The Must-Have Entrepreneurial Traits Founders Look For When Hiring New Team Members

Your new employees can make or break your startup, hire wisely.

These are the people that you’ll surround yourself with for countless years while you’re building your venture. It’s crucial that you get the right members on board who fit your culture and believe in your mission.

But hiring at a big corporation is much different from what startups really need because of the constant change and unknown variables. Startups need people who are comfortable going with the flow, quick to problem solve, and wear many different hats in order to achieve their goal.

So when hiring for startups, here are the top five traits founders should look for in potential employees:



You want to look for people who not only have creative ideas, but are also not afraid to voice their opinions. They have to be willing to stand their ground even if it goes against conventional wisdom. Startup founders love this and encourage employees to share new ideas.

When I was working with Sam Parr, CEO of Hustle Con Media, he told me he would rather have me stand up for my poor article ideas instead of passively accepting his judgements. Now whenever I feel strongly about an idea, I refuse to back down.

I got over my fear of taking risks and started sharing crazy ideas that might just work. This was when my article, Nas’ Investment Portfolio Is Straight Nasty, got over a quarter of a million page views. My other article, Meet the People Making a Full-Time Living From Instagram, Kickstarter, and Teespring, got over 2,000 shares in less than a week. It was an amazing things to see me pitch these “bad ideas” and have my articles perform extremely well.

The trick to coming up with great ideas is you have to come up with a ton of bad ideas. I wrote dozens of articles that only received a few hundred page views. But the more you write, and the more ideas you come up with, the more “hits” you’ll get.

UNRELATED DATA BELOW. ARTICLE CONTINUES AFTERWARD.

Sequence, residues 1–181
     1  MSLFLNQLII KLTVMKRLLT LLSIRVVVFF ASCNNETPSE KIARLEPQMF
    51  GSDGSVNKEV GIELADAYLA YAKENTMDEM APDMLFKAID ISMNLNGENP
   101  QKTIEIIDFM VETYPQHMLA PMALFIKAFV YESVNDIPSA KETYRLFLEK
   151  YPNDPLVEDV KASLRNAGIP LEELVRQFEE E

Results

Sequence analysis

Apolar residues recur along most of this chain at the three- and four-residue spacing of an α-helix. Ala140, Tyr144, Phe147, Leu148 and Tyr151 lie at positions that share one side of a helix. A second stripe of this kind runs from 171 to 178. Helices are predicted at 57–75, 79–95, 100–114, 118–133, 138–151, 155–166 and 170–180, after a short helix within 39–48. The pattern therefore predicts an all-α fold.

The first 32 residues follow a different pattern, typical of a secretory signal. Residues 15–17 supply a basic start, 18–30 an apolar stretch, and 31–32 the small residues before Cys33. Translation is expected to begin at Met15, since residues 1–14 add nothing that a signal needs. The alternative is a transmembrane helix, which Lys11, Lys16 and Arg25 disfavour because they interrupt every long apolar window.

When you’re creative and not afraid to take risks for innovation, you’ll fit right in at a startup.



People usually join large corporations for security and they join startups for their mission. Potential employees feel extremely passionate to the cause and want to be part of something bigger than themselves. Founders look for employees with passion because when obstacles come up like failing to raise money or losing their biggest client, they need to see these failures as minor setbacks and bounce back to accomplish their big goal.

When a sophomore classmate beat Michael Jordan for the final spot on his high school varsity basketball team, Jordan was crushed. But Jordan used this moment to fuel his obsessive passion for the game. He eventually made it to the NBA and led the Chicago Bulls to six national championships, earned the NBA’s MVP award five times, and led the U.S. Olympic team to gold medals in 1984 and 1992.

If your employees had the passion for your startup like Michael Jordan had with basketball, your team would be unstoppable.



In order for startups to make an impact on the world, they need to affect the lives of others in a positive way. They need to understand the pains, problems, and needs of their customers so they can help provide a solution to solve these challenges.